Evolution and a new 11-in. Rowe-Ackermann Astrograph.
The Celestron NexStar Evolution represents the latest developments in the long
line of Schmidt-Cassegrain designs. The new Celestron Evolution line includes
6-in., 8-in., and 9.25-in. telescopes mounted on newly designed heavy duty single-­
arm fork mount with WiFi-based computer GOTO drive systems. Mechanically, the
Celestron NexStar Evolution newly designed single-arm design is far sturdier than
the older SE single-arm design and is steady enough for use in astrophotography.
Most notable is the introduction of a new GOTO computer control system. In the
past, all telescope users are familiar with GOTO telescopes, with the hand controller and control cable attached to the base, and the power cables needed to provide
power. This rat’s nest of cables is eliminated with the new Celestron Evolution
telescopes. The telescope base comes equipped with a built-in rechargeable battery.
No longer does the user have to lug a separate battery pack to power the telescope
or have a power cable cord getting in the way during a observing session.
Additionally, no longer is the telescope user encumbered with an archaic hand
controller and the required telephone-like coiled controller cable. The Celestron
NexStar Evolution utilizes a revolutionary WiFi interface with the user’s tablet or
smartphone to control the telescope. The user’s iPhone, iPad, or Android tablet or
phone is loaded with the SkyPortal application. The SkyPortal application is used
to control the Evolution telescope, while providing the useful astronomy
The WiFi capability will save you if you have a pet dog like I do. I love my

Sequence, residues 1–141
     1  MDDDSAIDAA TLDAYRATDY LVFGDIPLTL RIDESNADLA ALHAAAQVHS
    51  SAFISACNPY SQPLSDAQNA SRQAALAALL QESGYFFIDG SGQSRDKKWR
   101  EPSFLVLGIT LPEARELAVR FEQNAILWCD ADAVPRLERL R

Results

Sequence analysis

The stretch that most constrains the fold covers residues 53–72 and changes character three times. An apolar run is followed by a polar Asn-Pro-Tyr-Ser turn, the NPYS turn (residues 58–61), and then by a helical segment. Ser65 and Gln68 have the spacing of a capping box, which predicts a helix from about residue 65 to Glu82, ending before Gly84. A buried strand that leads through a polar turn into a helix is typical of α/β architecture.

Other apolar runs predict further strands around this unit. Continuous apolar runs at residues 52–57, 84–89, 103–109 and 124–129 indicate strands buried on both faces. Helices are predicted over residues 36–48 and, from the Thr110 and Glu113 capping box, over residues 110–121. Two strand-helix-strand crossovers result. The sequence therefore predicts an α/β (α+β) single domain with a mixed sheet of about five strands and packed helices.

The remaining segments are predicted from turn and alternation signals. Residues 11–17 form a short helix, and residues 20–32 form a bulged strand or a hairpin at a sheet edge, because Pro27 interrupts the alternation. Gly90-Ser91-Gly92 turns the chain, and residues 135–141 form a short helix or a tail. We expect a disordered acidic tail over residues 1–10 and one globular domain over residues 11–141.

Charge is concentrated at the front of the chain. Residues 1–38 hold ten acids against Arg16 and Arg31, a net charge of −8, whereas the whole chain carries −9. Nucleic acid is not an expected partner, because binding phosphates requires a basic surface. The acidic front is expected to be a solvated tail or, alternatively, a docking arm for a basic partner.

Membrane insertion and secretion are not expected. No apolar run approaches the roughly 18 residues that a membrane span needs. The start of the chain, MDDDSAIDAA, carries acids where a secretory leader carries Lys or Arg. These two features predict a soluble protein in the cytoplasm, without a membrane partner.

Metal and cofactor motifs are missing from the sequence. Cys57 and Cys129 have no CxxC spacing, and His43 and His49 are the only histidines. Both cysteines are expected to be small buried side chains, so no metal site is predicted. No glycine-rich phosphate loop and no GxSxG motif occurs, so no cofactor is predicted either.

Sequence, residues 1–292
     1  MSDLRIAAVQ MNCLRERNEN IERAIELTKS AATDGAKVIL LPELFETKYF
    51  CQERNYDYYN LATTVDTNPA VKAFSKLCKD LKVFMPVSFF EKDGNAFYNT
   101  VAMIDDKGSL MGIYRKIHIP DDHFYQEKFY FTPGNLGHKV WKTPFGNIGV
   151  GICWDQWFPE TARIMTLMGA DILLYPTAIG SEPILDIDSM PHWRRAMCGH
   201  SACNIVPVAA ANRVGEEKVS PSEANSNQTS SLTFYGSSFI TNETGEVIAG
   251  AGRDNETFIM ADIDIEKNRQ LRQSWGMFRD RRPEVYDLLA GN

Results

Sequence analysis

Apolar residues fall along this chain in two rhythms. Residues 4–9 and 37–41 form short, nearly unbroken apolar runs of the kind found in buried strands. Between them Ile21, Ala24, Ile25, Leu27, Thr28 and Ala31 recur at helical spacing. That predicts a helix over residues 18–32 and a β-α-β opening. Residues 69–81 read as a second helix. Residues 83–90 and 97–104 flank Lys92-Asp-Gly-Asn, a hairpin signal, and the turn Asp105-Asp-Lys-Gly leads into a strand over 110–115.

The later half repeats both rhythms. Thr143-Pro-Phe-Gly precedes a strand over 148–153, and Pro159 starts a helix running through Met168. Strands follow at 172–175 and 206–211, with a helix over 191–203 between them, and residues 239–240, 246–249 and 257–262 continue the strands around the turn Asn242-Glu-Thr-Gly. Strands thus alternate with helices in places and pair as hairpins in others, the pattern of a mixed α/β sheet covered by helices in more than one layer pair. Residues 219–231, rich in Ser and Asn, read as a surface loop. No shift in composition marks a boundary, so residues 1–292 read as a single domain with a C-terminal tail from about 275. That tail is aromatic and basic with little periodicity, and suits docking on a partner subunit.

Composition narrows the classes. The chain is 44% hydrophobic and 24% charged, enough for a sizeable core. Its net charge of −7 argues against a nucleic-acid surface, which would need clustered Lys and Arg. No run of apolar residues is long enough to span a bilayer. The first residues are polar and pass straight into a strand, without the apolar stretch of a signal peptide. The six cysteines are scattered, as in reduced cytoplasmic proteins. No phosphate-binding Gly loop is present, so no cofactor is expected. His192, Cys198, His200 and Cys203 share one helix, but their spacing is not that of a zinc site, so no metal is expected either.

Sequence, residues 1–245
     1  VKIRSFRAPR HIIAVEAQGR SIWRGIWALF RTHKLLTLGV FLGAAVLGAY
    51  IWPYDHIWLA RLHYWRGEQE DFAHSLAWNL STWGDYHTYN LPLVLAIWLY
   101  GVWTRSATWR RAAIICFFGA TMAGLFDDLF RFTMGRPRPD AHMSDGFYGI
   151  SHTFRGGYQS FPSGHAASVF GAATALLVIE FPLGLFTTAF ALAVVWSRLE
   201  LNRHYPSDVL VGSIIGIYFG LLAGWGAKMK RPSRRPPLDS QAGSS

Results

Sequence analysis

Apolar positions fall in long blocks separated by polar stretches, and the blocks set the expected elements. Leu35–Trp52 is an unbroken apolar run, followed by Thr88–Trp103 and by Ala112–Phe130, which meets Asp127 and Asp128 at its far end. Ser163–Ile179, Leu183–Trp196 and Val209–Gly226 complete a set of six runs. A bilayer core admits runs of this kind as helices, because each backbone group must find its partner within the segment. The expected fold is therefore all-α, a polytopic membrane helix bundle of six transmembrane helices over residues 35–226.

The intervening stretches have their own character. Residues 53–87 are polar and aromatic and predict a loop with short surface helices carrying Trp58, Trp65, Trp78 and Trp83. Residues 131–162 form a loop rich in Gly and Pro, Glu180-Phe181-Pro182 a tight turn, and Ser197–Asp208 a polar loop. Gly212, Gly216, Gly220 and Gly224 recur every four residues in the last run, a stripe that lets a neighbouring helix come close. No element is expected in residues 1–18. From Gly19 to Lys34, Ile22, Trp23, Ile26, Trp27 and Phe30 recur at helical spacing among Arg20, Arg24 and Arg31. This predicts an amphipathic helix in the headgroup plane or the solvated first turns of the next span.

Labrador retriever Kaiser. He’s a great dog, but sometimes he gets a little rambunctious and crazy. Not long ago, he got a hold of the Celestron NexStar+ hand control
and chewed it up. I found the hand control on the floor, and the connecting cable
had been chewed off by Kaiser. What was left of the cable and connectors were
found in the corner of the family room, in a pool of yuk. Unfortunately, the hand
control bore a slight resemblance to one of his chew toys! He had mistakenly taken
the hand control off my computer desk and proceeded to do his dog thing. Hence,
I now place all my new hand controls in a glass cabinet for protection. My iPad,
with the SkyPortal app, is safe from Kaiser’s attacks.
Further NexStar Evolution refinements include tripods that now have gradations
imprinted on the extendable legs to aid in leveling the mount on an uneven surface.
Of course, a bubble level is built in on the tripod. There are even eyepiece spaces
provided in both the tripod and drive base.
With the introduction of the NexStar Evolution series, I realized that a new era
had dawned on amateur astronomy, and plans for this book took form. Within these
pages, the description and process of using the novel WiFi-based control system
provided by the NexStar Evolution and the SkyPortal applications are detailed.
Note all photos of SkyPortal in action are taken from the screens of either an Apple
iPad or an Apple iPhone 5C. The screens are identical with Android devices.
Clear Skies and Good Music,
James L. Chen